San Leandro’s ‘Junior High Flight’ from Public Schools


As Rank Choice Voting and the city’s budget debacle have become the two big election issues; the most important one has been absent: the state of San Lenadro’s public schools.

San Leandro’s public schools are among the worst performing in the East Bay. While this fact has been swept under the rug by local Realtors and city officials who don’t want to admit it; school achievement scores are readily available on the Internet, as well as school rankings and comments on web sites such as Even when adjusted for demographics (e.g., race and poverty level); San Leandro’s schools are among the worst performing in California.

San Leandro’s poor performing schools have contributed to a phenomenon in the neighborhoods surrounding Roosevelt elementary that I dub “junior high flight.” Many San Leandreans leave town when it’s time for their children to attend junior high or high school – which translates into the exodus of affluent college educated folks in their 40s and 50s – people in their prime income earning years who would most likely have the resources and education to make a positive impact on San Leandro schools.

The San Leandro school board hasn’t helped things by limiting transparency on former school superintendent Christine Lim’s firing and its budget woes. While I applaud folks like Stephen Cassidy for fighting against egregious waste like the unnecessary $900,000 paid on legal fees; many school board members have worked as teachers in other districts, or don’t have children in the San Leandro school system – they’re using the school board as a political stepping stone for future political aspirations.

But while the school board is accountable for the success of public schools, the city council is responsible for fostering an environment where they are able to succeed. Since Mayor Santos’ was elected, that’s never happened – the city moved forward with San Leandro Crossings despite the fact it would impact San Leandro’s already overcrowded schools, even after school board members spoke out against it. The Estudillo Estates Homeowner Association invited council members and school board members together to discuss – school board members accepted, city council members did not. Additionally, while the city gave $500,000 to the Davis Street Resource Center; it decided to stop funding crossing guards for $100,000 – when most elementary schools in town require young children to cross dangerous arterial streets.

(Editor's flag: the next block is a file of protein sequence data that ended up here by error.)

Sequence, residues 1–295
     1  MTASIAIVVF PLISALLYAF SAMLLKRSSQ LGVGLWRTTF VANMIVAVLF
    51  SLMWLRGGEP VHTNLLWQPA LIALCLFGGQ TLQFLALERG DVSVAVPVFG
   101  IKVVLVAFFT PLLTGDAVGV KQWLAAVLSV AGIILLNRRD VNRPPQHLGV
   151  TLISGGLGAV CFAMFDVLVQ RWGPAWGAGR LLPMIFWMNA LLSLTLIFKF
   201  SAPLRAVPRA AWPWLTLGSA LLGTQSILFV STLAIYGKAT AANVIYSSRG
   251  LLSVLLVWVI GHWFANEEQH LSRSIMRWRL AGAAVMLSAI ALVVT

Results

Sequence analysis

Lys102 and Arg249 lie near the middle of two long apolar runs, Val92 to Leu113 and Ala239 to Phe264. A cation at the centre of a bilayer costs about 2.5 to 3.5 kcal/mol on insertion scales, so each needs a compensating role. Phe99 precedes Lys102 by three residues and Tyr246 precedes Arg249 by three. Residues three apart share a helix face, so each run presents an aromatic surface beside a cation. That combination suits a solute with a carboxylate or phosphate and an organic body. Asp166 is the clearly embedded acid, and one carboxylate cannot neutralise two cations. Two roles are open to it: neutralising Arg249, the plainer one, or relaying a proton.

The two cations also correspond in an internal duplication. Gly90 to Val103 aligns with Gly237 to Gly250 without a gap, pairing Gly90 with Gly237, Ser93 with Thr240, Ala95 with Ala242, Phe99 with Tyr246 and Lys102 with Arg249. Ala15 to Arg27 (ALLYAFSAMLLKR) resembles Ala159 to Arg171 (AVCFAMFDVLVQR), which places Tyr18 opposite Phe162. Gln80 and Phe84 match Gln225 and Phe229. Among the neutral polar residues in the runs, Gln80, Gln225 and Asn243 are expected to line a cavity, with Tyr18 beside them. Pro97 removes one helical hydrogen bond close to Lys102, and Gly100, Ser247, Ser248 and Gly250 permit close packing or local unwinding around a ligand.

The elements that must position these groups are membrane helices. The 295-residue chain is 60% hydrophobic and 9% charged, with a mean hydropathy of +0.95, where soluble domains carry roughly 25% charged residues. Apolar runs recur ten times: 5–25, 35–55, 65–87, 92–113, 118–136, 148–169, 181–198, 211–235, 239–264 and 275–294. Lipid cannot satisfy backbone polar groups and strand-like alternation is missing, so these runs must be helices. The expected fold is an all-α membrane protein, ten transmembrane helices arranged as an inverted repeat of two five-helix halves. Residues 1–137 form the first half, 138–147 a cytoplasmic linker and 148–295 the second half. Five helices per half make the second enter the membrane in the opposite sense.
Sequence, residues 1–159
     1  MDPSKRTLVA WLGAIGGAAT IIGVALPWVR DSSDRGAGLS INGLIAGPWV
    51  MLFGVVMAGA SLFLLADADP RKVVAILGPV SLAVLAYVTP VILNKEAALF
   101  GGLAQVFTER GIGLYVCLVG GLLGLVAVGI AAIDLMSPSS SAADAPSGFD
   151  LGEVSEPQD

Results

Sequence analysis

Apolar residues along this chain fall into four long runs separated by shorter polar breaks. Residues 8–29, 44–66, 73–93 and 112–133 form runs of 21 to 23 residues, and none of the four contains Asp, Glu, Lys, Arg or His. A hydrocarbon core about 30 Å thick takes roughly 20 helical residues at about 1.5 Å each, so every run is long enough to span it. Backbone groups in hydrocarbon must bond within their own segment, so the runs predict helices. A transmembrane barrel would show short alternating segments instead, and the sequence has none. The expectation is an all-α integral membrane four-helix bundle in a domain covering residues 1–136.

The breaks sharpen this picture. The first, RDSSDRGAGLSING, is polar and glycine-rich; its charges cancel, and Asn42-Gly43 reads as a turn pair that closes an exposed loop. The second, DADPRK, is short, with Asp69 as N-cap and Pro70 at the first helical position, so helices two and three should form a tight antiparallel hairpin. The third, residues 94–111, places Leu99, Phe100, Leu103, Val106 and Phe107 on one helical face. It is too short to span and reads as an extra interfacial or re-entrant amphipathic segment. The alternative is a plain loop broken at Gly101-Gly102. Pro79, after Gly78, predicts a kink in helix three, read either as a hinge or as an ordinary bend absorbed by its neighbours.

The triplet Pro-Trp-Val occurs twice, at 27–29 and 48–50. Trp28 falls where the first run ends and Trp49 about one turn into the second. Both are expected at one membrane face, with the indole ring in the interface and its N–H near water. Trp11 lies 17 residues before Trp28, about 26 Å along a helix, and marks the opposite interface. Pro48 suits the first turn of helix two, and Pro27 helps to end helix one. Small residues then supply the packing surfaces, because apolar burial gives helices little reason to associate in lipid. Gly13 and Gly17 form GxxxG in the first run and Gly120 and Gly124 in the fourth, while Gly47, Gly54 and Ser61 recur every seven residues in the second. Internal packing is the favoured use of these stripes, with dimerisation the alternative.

The worst thing is that council members children don’t attend public schools. Councilman Michael Gregory ran for council based on his “accomplishment” of implementing the mixed-use field at his daughter’s school, Bancroft; yet he doesn’t like to broadcast that he sent his older son to private school because San Leandro High is too ghetto. Councilwoman Joyce Starosciak touts her experience on the school board in her run for mayor, yet she has chosen to put her daughter in private school. Adding to the hypocrisy is Councilwoman Ursula Reed, an executive administrator working in public schools, who has also chosen to put her child in private school. Tony Santos does get a pass on this; although his grown son admitted in a comment in The Citizen that he moved to Alameda because he didn’t want his children going to San Leandro public schools.

The success of a town’s public schools impact its property values, health of its business community, crime rate and overall quality of life. This election, I hope San Leandrans only support candidates who support their public schools.

Frank Lynn, MA, is a former president of Pacific Plaza Homeowner Association, former Board Member of Estudillo Estates Homeowner Association and founder of Save San Leandro–an organization that fought against the San Leandro Crossings project. While he currently resides in Pleasanton, he is a property owner in San Leandro.